Jim Mohr's SCO Companion


Copyright 1996-1998 by James Mohr. All rights reserved. Used by permission of the author.

Be sure to visit Jim's great Linux Tutorial web site at https://www.linux-tutorial.info/

Shells and Basic Utilities

Most UNIX users are familiar with "the shell." This is where you input commands and get output on your screen. Often, the only contact users have with the shell is logging in and immediately starting some application. Some administrators, however, have modified the system to the point where users may never even see the shell or in extreme cases have eliminated the shell completely for the users.

If you never get to the point where you can actually input commands and see their output, then this chapter may be a waste of time. If your only interaction with the operating system is logging in, then most of this entire book can only serve to satisfy your curiosity. However, if you are like most users, understanding the basic workings of the shell will do wonders to improve your ability to use the system to it's fullest extent.

Up to this point, we have referred to the shell as an abstract entity. In fact, that's the way it is often referred to as there are many different shells that you can use. Each has it's own characteristics (or even quirks), but all behave in the same general fashion. Since the basic concepts are the same, I will avoid talking about specific shells until later.

In this chapter, we are going to cover the basic aspects of the shell. We'll talk about issue commands and how they system responds. Along with that, we'll cover how commands can be made to interact with each other to provide you with the ability to make your own commands. We'll also talk about the different kinds of shells, what each has to offer and some details of that particular shell behaves.

Talking to SCO UNIX: The Shell

As I mentioned in chapter 1, the shell is essentially the users' interface to the operating system. The shell is a Command Line Interpreter. Through it, you issue commands that are interpreted by the system and certain actions are carried out. Often the state where the system is sitting at a prompt, waiting for you to type input is referred to (among other things) as being at the shell prompt or at the command line.

For many years before the invention of graphic user interfaces such at X-Windows, the only way to input commands to the operating system was through a command line interpreter, or shell. In fact, shells themselves were thought of as wondrous things during the early days of computers as prior to them, users had no direct way to interact with the operating system.

Most shells, be it under DOS, UNIX, VMS, or other operating systems, have the same input characteristics. In order to get the operating system to do anything, you have to give it a command. Some commands, such as the date command under UNIX, do not require anything else to get them to work. If you type in date and press return, that's what appears on your screen: the date. (Among other things)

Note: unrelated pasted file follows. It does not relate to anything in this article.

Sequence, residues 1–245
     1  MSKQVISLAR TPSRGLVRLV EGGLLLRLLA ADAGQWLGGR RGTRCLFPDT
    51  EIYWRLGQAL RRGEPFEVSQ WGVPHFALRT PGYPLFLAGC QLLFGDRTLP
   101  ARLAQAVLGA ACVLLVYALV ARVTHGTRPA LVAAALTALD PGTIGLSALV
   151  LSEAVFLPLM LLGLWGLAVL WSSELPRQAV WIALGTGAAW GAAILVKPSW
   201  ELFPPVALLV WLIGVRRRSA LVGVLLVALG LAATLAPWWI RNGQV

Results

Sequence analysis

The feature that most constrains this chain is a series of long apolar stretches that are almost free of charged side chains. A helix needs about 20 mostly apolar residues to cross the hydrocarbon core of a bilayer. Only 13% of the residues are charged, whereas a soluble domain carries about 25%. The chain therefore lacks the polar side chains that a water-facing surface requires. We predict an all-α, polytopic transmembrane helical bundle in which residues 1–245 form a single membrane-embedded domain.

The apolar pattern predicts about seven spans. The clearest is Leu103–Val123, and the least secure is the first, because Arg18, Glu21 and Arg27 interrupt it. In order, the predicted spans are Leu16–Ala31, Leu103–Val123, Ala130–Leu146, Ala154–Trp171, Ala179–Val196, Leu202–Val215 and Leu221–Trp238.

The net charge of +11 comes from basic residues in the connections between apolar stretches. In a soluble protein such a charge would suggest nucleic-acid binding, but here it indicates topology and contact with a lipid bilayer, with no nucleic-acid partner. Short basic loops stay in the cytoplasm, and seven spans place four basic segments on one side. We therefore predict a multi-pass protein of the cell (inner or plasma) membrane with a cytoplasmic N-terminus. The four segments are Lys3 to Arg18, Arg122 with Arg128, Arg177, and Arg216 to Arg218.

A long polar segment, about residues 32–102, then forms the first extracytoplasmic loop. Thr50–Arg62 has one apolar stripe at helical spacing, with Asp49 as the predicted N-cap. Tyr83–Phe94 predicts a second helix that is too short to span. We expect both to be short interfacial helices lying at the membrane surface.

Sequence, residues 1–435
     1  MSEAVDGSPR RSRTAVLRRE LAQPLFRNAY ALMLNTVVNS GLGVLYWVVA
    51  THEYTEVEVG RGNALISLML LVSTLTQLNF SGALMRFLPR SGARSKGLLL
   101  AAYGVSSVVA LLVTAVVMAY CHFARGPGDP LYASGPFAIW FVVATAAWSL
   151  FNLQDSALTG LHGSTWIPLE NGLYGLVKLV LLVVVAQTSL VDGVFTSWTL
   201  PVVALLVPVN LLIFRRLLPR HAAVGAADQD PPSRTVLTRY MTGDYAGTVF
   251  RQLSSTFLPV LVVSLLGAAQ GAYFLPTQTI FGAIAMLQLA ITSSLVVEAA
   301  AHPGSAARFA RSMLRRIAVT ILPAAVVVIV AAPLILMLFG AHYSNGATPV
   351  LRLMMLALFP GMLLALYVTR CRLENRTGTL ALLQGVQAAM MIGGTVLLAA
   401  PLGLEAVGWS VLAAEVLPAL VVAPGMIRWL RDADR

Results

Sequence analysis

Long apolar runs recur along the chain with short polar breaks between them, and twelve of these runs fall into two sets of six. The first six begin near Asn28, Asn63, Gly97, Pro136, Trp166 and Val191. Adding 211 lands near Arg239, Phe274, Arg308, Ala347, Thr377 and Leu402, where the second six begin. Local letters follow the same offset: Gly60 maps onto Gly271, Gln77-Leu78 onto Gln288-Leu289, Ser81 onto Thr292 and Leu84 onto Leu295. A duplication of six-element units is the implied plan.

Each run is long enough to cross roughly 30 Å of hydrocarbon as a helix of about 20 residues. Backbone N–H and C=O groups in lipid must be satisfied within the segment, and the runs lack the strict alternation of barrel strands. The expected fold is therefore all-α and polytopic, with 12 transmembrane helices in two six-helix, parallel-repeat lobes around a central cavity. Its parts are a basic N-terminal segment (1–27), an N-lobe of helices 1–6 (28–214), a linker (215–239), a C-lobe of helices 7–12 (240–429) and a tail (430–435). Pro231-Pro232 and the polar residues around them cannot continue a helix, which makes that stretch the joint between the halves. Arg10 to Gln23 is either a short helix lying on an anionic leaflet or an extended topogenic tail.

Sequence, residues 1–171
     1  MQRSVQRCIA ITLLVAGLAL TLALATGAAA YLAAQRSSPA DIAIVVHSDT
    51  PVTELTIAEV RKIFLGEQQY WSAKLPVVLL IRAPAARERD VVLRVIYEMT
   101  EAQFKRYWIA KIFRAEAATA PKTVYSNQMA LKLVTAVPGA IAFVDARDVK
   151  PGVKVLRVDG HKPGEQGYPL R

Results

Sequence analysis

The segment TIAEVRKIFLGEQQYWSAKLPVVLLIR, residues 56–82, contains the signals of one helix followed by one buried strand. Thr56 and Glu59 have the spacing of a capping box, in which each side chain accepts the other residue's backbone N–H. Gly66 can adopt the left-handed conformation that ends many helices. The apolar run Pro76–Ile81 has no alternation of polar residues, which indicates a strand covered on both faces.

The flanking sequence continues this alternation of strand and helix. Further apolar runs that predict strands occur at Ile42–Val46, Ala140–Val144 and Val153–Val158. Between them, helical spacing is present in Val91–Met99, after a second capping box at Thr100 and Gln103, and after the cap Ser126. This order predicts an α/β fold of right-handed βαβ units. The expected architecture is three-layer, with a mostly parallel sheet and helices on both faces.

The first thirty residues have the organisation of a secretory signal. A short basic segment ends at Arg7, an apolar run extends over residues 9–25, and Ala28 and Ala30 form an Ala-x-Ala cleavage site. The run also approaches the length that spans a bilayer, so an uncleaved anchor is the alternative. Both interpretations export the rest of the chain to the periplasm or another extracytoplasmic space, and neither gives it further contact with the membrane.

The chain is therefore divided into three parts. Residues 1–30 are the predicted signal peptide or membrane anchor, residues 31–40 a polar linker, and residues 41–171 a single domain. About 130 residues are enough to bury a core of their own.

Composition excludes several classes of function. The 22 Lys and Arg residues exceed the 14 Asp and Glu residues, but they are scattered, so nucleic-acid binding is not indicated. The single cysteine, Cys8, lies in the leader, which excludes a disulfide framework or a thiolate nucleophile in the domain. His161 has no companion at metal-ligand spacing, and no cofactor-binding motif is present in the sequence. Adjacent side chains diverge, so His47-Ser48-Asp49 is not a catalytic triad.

Some commands need something else to get them to work. This is called an argument. Some commands, like mkdir (Used to create directories) can work with only one argument. As in mkdir directory_name. Others, like cp (to copy files) require multiple arguments. As in cp file1 file2.

In many cases, you can pass flags to commands to change their behavior. These flags are generally referred to as options. For example, if you wanted to create a series of sub-directories without creating every one individually you could run mkdir with the -p option like this:

mkdir -p one/two/three/four.

In principle, anything added to the command line after the command itself is an argument to that command. Using the terminology above, some arguments are optional and some options are required. The convention is that an option changes the behavior whereas an argument is acted upon by the command. Generally options are preceded by a dash (-), whereas arguments are not. I've said it before and I will say it again, nothing is certain when it comes to UNIX. By realizing that these two terms are often interchanged, you won't get confused when you come across one or the other. I will continue to use option to reflect something that changes the command's behavior and argument to indicate something that is acted upon.

Each program or utility has its own set of arguments and options, so you will have to look at the manual pages or man-pages for the individual commands. You can call this up from the command line by typing in:

man <command_name>

Where <command_name> is the name of the command you want information about. Also, if you are not sure what the command is, OpenServer has the whatis command that will give you a brief description of that command.

Many commands require that the option appear immediately after the command and before any arguments. Others have options and arguments interspersed. Again, look at the man-page for the specifics of a particular command.

If you need a quick reminder what a command does, you can use the whatis command. This gives you a one line description of the command. For more details see the whatis(C) man-page.

Often times you just need a quick reminder as to what the available option are and what they syntax is. Rather than going through the hassle of calling up the man-page, a quick way is to get the command to give you a usage message. As its name implies, a usage message reports the usage of a particular command. I normally use -? as the option to force the usage message as I cannot think of a command where -? is a valid option.